Sadeke Brooks, Staff Reporter
Done as something fun with no formal training in film, young actor-dancer Christopher Byfield says the success of his short film Red Amber Green has surpassed all his expectations.
Byfield said the idea for the film came from the ingenuity of 'street boys' at stop lights in the Corporate Area and their drive to survive.
In Red Amber Green, Byfield tells the story of three Jamaican teenage boys (played by Adrian Wright, Byfield and Damarah Danni) struggling to make ends meet on the difficult streets of Kingston. They make a living primarily as vehicle window washers and juice vendors at the stop lights.
But with not much of a budget or formal training in acting, directing, producing or writing, the film that was made last year has received three film awards, as well as a spot on Flow TV's Channel 100.
In April, he copped the 'Best Overall Film' title in the short film competition at the Lignum Vitae Film Festival. The competition was held at Northern Caribbean University, Manchester, and was put on by the institution's Department of Communication Studies.
Byfield also received the award for the 'Best Director - Short Feature' in the Cine Jamaica Short Film Challenge at the Reggae Film Festival held at The Jamaica Pegasus hotel.
Red Amber Green was also selected as the 'Best Short Film 2012' at the Caribbean Tales Film festival in Barbados.
"I feel surprised because I didn't expect it. I have never really encountered anything like that," said Byfield, who has played roles in The Blackburns of Royal Palm Estate and Secret 21.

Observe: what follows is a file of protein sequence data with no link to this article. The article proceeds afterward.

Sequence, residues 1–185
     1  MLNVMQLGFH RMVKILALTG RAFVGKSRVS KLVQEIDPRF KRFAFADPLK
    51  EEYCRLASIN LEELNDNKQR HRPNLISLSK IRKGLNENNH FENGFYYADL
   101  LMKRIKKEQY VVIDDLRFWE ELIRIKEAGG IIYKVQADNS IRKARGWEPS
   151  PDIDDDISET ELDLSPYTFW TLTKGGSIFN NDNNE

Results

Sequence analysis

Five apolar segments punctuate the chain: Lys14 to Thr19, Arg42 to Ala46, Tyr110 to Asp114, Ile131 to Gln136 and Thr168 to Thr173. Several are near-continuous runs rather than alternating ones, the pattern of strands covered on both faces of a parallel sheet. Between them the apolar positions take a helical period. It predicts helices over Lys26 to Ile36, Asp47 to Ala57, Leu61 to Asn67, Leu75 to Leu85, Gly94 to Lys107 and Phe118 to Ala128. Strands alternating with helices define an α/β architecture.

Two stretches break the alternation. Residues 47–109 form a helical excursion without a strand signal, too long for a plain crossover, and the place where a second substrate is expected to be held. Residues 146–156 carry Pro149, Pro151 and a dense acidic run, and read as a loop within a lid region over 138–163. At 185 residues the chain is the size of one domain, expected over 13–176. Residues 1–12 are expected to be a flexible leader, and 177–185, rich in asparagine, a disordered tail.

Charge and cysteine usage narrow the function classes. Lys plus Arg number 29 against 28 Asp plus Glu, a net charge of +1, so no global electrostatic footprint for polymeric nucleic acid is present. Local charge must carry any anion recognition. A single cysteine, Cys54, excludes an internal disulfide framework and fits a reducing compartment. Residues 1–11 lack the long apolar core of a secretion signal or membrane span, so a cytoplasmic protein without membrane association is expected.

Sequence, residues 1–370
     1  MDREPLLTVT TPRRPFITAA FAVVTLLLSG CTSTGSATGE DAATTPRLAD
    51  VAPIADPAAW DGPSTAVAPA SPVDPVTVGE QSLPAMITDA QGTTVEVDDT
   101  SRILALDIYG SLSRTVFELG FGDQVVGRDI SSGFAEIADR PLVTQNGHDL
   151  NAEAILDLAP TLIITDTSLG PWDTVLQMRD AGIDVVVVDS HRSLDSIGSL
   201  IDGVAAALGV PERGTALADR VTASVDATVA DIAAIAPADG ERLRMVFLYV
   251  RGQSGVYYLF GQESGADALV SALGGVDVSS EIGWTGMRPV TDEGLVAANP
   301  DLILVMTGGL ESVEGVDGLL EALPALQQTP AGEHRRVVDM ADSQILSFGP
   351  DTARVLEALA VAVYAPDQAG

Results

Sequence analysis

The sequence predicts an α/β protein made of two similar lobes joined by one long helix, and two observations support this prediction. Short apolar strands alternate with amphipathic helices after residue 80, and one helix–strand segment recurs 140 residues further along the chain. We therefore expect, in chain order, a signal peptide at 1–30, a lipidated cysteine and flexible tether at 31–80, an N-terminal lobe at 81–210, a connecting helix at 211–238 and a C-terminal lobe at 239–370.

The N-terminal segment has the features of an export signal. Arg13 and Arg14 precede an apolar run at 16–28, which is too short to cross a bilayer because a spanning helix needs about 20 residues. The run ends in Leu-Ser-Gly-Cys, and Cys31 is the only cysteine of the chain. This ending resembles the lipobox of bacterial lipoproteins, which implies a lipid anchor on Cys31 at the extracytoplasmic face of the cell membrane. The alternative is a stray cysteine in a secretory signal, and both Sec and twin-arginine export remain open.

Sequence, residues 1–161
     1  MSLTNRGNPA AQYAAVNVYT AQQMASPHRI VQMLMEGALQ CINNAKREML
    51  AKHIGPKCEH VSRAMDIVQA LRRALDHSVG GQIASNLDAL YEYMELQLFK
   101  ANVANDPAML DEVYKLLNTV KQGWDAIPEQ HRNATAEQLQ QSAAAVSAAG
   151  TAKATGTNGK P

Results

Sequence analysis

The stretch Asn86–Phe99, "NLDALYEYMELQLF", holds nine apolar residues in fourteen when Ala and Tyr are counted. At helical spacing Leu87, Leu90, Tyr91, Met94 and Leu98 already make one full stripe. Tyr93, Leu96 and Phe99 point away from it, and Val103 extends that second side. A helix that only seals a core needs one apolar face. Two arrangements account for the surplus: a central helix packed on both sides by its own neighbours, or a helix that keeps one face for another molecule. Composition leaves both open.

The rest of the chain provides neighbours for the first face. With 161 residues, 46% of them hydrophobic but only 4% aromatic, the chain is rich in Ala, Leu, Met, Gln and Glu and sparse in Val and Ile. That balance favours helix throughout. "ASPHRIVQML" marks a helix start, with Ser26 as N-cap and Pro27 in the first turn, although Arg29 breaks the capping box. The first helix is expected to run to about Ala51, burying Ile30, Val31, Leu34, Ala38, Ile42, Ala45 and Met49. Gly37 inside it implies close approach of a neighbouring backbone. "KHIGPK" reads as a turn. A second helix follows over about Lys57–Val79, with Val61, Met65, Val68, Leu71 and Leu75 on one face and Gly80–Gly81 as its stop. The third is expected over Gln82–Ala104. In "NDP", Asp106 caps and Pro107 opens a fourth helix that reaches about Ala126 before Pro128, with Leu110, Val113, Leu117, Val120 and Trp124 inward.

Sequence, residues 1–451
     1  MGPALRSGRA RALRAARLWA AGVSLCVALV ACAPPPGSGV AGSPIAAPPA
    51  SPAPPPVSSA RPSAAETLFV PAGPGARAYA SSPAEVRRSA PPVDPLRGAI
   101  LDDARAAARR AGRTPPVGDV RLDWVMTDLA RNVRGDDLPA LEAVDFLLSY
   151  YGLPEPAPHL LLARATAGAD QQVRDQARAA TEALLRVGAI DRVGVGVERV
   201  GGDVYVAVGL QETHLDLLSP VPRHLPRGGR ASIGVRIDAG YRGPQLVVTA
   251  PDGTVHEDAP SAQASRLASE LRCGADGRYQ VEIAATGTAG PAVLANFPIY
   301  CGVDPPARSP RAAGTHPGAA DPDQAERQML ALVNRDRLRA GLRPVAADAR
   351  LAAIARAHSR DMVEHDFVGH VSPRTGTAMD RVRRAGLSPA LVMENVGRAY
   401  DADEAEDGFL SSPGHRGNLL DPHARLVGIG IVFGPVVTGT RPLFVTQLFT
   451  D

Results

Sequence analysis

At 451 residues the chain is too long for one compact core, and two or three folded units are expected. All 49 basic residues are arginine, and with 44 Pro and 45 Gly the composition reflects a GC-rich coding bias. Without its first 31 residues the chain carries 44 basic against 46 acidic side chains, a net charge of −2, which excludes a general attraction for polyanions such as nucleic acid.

"One of the main surprises was in Barbados 'cause I was competing with other persons from the Caribbean."
Byfield explained that he knows "what he is capable of in terms of the drive and ambition, but when I see the response, I realised that it's going to be a huge responsibility and I have to continue".
He noted that he will be hunting for new opportunities and has already submitted the film for viewing in countries like Trinidad, Italy, Belize and the United States.
While he remains optimistic that they might get a spot at film festivals in these countries, Byfield says he knows that there is no guarantee that it will be shown. Nonetheless, he says he feels pleased that the film will be one of the films on the Reggae Film Festival tour that will take place in Birmingham, England, on May 18.
"Red Amber Green is now a brand and what I realise is that I am highlighting the lifestyle of the youth and people are now viewing them differently. I have to continue the brand and produce more and raise the Jamaican flag even more," Byfield said.
He added that he has also been contacted by TV stations which love the film and want to turn it into a series. While that is still uncertain, Byfield said he will definitely be doing other short films in the future.